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Child Safety

All the folks with children are outside more in spring and summer weather. We are on the go and the children are too. Which brings up the issue of child safety. We all know children need shin pads for soccer and knee pads for roller blading,but we sometimes don't think about "child-proofing" our children for social safety.

The following are some child safety ideas:

  1. Where you can see me .We often tell children to stay where we can see them. This is not useful information to a child under the age of ten or eleven, who lacks the capacity to take your perspective. The better course is to train them to stay where they can see you. Then, if it gets crowded, they move to us. Hold them accountable by using the phrase, when you retrieve them, "You couldn't see me so you need to come where I am".

  2. What happens if you can't see me? If children do get separated from you, let them know they can get help from a clerk or store manager ("the man or lady behind the counter.") Children who aren't in a store, e.g. outside a strip mall, an art festival or the zoo, should be encouraged to look for a grownup with children. It is a good bet that a nice Daddy, Mommy, Grandma or Grandpa will help your child. A helpful adult will take them to the security office or an office where grownups will find you through search or page.

    All children need to know their first and last names and their parents' first and last names. Older children, 5-6 and over, need to know phone numbers and addresses. I also suggest when the children are old enough, they be taught to carry phone money, a quarter or thirty-five cents, which can be tucked into the laces of tennis shoes. Teens can be issued an emergency phone card for their pocket. The quarter and the phone card are emergency items. Train children to tell the difference between daily wants and a true emergency. Keep in mind, to a six year old, not being able to see you is an emergency.

  3. Labeling the Obvious About Transitions and Schedules. Work on having good communication with your children by labeling the obvious, which is obvious to you, but not to the children. At a county fair, say, "Let's go see the bunnies". If you lose a child in the 4H pet shed, don't leave there. A lost child can remember where you were separated if they know the name of where they were or what was going on there, e.g. "We are going to see people riding horses."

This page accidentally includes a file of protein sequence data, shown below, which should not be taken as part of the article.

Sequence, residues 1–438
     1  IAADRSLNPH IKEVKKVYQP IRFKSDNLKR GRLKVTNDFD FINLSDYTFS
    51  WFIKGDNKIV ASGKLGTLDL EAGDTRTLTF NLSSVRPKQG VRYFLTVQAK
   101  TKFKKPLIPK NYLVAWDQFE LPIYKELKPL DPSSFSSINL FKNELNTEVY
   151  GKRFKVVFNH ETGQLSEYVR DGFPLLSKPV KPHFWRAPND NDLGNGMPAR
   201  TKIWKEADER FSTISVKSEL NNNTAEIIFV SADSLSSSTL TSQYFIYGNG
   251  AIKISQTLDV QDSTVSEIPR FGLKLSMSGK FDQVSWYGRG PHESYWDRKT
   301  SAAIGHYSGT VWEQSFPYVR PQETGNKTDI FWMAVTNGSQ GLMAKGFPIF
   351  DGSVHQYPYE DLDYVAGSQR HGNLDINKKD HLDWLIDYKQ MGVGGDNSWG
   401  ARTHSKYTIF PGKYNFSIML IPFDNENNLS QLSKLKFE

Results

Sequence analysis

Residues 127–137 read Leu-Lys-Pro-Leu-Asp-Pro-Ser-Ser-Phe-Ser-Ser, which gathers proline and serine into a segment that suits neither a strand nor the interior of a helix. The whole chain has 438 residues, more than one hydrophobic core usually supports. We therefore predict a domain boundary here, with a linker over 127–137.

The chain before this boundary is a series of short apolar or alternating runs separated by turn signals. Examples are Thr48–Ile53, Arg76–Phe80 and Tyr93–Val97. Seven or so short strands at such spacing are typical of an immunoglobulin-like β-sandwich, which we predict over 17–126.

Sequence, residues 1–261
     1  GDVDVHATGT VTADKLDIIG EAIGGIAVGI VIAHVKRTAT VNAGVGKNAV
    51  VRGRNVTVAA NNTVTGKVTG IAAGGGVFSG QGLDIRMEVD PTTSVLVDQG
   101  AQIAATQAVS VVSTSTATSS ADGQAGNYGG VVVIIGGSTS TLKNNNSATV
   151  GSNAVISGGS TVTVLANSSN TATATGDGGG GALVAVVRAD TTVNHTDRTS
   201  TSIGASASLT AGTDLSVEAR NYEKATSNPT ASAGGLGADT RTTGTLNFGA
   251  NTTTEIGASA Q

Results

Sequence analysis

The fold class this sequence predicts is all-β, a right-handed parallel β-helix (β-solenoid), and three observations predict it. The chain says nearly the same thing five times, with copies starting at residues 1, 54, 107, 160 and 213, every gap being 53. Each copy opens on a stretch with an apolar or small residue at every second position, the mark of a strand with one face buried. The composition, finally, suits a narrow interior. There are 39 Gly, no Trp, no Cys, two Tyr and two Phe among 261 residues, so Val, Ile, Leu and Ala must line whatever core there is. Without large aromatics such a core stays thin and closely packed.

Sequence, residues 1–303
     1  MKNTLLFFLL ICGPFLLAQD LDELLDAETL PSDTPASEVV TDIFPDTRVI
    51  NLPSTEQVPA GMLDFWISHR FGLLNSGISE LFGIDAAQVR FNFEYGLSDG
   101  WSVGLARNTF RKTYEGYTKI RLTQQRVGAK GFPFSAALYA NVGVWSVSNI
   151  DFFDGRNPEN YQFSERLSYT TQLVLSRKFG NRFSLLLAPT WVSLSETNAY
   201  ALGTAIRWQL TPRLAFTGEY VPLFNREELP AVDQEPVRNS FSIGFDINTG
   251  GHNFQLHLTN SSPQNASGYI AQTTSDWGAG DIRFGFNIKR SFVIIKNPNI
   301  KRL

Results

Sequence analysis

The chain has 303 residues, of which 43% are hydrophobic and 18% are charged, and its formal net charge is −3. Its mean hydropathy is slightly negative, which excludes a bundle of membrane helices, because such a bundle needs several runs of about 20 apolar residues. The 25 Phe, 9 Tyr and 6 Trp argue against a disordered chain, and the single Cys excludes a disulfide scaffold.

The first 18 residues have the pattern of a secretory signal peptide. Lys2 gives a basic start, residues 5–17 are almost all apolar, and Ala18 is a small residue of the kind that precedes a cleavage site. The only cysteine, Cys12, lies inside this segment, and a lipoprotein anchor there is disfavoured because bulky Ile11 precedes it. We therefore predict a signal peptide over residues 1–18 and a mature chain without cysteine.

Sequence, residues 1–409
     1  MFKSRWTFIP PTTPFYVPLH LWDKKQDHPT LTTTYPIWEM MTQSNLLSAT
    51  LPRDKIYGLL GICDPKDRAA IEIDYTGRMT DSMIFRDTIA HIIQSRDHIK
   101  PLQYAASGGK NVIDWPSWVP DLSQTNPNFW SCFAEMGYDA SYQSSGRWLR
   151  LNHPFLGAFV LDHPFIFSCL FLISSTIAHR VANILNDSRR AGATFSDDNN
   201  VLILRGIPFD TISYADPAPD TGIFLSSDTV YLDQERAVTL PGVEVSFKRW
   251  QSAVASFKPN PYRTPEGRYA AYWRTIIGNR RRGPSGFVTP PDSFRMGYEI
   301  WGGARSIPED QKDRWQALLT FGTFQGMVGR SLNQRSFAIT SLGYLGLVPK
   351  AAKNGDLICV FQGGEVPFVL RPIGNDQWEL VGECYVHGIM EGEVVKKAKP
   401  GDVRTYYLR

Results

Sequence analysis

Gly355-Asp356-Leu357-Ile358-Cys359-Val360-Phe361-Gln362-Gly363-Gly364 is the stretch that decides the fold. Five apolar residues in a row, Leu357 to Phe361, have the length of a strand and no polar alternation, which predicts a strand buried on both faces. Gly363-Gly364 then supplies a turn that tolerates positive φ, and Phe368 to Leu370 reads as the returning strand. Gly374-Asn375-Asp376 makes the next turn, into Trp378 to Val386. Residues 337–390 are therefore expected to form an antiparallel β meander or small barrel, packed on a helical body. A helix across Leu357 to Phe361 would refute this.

Give children transition time. (e.g. "Let's finish seeing the bears and go see the big cats".) Give them notice, "We'll leave the bears in five minutes". Transitions smooth out moving on and make it less likely for a child to go back for a few minutes and end up lost.

  4. Roaming from Home Base. We begin safety training at home where we keep the children in the yard and out of the road. We gradually let children out of the yard when we know they will come back when called and that we can trust them to stay out of the road. For example, children over eight may go to the corner but not around the block. Be sure to practice "Where you can see me" limits. If a child can't do the limits in a relatively safe, uncrowded environment, consider keeping to known family and friends' locations. Toddlers (12months-36 months) cannot exercise the accountability for the "Where you can see me" concept.

Remember that crowded places require more watchfulness from adults. Have safe fun this summer, and be sure to keep the children where they can see you.

Barbara A. Buchanan, Ph.D.
Clinical and Developmental Psychologist
Staff Psychologist

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